Monday, July 28, 2014

The Ghost Bride

Yangsze Choo's The Ghost Bride is certainly not the sort of book I normally read. Yes, it is essentially a historical fantasy, but it's labelled as simply fiction to appeal to a wider audience. This is a good thing, since it is the sort of book that is likely to be enjoyed by non-fantasy fans, but it's also a bad thing, since that means fantasy fans are less likely to be aware of it, and I think they'd enjoy it too. I know I did.

The Ghost Bride is the story of Li Lan, a young,  19th century Malaysian woman. Her father tells her that a wealthy family has expressed interest in having her marry their recently deceased son. Naturally, she doesn't want to do it, especially after she encounters the ghost of said son, and he proves to be annoyingly self-centered. Soon Li Lan is traveling through the world of the spirits, investigating corruption in the court of Hell (and the alleged murder of her would-be groom).

There is some good adventure. There's romance. There are demons and hungry ghosts. There's a good bit of Chinese folklore. It all makes for a very entertaining read.

Friday, June 20, 2014

Biters/The Reborn

I like books like Biters - The Reborn, which have two stories with one on each end of the book. I don't like reviewing them so much, because when I like one story and not the other I have a hard time coming up with an overall rating. This was the case with this book, and unlike most of the other reviews I've seen for this book, the story I liked was "Biters."

"Biters," by Harry Shannon, is a zombie story. Normally this would be a strike against it, because, as much as I like zombie stories, the trope is pretty much played out. Unless there's some new twist to the story, we really don't need any more books or movies about small bands of survivors trying to get by in a zombie filled world.

Luckily, this isn't that sort of book. "Biters" is essentially a crime story which uses the post-apocalyptic,  zombie-filled world as a backdrop. It's a tale of love, betrayal, and revenge. It's not one of the great classics of world literature, but it was entertaining.

"The Reborn" by Brett J. Talley wasn't as good. I can see why other people enjoyed it. It had all the elements of a god post-apocalyptic sci-fi thriller. Even the idea that reincarnation has been proven and the government is using that knowledge to weed out the reincarnations of murderers and rapists in utero is a pretty cool idea.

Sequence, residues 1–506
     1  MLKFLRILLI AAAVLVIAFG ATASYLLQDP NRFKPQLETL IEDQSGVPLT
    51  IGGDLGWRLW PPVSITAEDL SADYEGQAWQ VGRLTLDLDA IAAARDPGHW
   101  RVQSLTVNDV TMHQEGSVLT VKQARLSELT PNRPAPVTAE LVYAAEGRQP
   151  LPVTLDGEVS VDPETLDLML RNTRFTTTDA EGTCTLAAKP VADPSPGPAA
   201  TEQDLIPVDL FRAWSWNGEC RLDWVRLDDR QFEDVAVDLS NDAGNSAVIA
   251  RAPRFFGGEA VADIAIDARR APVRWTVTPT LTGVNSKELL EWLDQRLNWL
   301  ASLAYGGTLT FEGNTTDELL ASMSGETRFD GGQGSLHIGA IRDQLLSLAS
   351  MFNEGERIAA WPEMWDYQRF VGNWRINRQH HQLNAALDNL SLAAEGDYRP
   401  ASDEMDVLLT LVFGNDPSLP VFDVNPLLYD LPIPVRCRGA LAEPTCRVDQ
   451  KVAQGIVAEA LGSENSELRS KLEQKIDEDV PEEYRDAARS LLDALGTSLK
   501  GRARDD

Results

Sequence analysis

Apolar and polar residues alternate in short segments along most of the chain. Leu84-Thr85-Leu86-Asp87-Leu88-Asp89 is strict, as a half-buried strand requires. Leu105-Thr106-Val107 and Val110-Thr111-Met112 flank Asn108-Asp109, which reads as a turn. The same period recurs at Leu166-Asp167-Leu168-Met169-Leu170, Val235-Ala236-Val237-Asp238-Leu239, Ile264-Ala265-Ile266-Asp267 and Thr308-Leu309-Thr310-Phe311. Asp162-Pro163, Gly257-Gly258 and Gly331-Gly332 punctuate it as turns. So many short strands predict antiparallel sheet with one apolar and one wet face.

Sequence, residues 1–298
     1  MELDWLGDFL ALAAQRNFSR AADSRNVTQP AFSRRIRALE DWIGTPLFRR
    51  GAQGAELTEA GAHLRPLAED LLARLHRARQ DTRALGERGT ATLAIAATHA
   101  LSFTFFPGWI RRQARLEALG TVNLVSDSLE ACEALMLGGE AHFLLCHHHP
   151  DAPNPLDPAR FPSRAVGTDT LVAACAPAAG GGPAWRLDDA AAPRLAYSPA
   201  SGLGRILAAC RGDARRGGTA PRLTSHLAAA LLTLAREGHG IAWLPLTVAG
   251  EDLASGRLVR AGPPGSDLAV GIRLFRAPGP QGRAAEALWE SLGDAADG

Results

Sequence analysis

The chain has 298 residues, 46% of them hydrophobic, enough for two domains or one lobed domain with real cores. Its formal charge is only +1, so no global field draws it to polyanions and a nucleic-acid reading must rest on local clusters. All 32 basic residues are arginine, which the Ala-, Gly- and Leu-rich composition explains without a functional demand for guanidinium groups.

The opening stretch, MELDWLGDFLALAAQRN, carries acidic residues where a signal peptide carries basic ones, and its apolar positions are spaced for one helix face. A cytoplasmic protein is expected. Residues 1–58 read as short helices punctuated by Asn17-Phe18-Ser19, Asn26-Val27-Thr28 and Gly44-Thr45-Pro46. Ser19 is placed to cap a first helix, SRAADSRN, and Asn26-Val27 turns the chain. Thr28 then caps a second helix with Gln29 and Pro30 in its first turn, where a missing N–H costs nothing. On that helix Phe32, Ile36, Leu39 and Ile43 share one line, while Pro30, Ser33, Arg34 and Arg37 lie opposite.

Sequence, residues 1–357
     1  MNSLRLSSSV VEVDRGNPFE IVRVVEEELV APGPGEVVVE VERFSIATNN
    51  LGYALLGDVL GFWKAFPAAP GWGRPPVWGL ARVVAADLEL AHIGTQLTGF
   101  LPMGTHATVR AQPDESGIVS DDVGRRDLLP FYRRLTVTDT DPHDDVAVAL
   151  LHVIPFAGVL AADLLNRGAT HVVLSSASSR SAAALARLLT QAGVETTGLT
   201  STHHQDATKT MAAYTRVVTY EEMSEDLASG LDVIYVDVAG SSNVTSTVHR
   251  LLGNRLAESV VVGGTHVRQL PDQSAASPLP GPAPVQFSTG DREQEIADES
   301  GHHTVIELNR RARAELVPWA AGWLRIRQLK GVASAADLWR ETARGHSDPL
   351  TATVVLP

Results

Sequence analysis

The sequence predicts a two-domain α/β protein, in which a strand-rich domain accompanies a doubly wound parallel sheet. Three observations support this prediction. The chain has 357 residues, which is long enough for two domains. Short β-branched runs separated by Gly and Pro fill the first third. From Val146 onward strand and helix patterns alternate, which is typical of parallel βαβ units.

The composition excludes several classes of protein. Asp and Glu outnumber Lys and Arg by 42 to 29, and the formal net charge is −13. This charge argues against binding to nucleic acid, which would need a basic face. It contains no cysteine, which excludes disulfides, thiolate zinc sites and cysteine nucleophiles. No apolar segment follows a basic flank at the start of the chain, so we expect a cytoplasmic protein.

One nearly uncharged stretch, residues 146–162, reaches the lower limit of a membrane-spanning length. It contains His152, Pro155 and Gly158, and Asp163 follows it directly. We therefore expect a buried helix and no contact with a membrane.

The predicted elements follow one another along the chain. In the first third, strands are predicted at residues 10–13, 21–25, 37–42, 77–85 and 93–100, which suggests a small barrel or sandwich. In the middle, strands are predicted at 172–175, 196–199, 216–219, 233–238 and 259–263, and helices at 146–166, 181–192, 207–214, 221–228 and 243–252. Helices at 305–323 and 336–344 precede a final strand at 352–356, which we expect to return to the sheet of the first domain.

The first problem I have though is that the way this idea is presented sounds like so much technobabble BS (though I could be wrong on this as I am not a biologist). Apparently reincarnation was discovered after a murderer was convicted by hair strand from which only a single strand of junk DNA was recoverable. A scientist was found who testified that that single strand was as unique as a fingerprint (unless my I'm wrong that strand would have been present in one of the man's parents, so right off the bat this sounds like BS). Then decades after the guy was executed, another murderer is found with the same strand of junk DNA. instead of assuming that the scientist was lying or mistaken, the courts throw out every conviction based on DNA evidence (despite the fact that only cases in which conviction rested on a single strand of junk DNA would have been called into question by this). Then someone discovers that after a criminal dies another criminal is born with junk DNA that matches the strand of that criminal's DNA (which would seem to invalidate the whole "this strand is as unique as a fingerprint" theory). Somehow, instead of interpreting this as evidence that this theory is BS, this becomes proof of reincarnation.

On top of the fairly crappy sounding science, the protagonist goes through some fairly unbelievable personality changes for no apparent reason.  Also the story relies far too heavily on the backstory of the DNA business and the rise of a man called Khan, which effectively makes this feel like two stories mushed together.

If I could, I'd give "Biters" four yo-yos and "The Reborn" three, but since they're one book the thing gets an overall 3.5.

Tuesday, June 10, 2014

City of Stairs

City of Stairs is definitely not your typical otherworldly fantasy. For one thing, it eschews the typical pseudo-medieval setting in favor of something closer to the late 19th/early20th century. The world has trains, guns, gas lighting, cameras, and telegraphs. It is not a steampunk novel though (if you were wondering).

Besides having a fairly distinctive setting, this book also draws a good bit from the mystery and spy thriller genres. The main character is a spy who goes to the city of Bulikov to investigate the murder of a professor who she greatly admired. Along the way she finds rebellion, political intrigue, and gods.

The gods are what makes this book a fantasy. Long ago, the gods led the people of the continent to conquer the world.  Two generation before this story began, a man called the Kaj led a rebellion against the continentals and killed their gods. Of course as you can guess, it turns out that some of the gods survived and their followers are causing trouble.

This was a really great book. Besides being a fantasy/mystery/thriller, it also deals with issues of colonialism, religious fanatacism, and the nature of divinity. This was a really great book.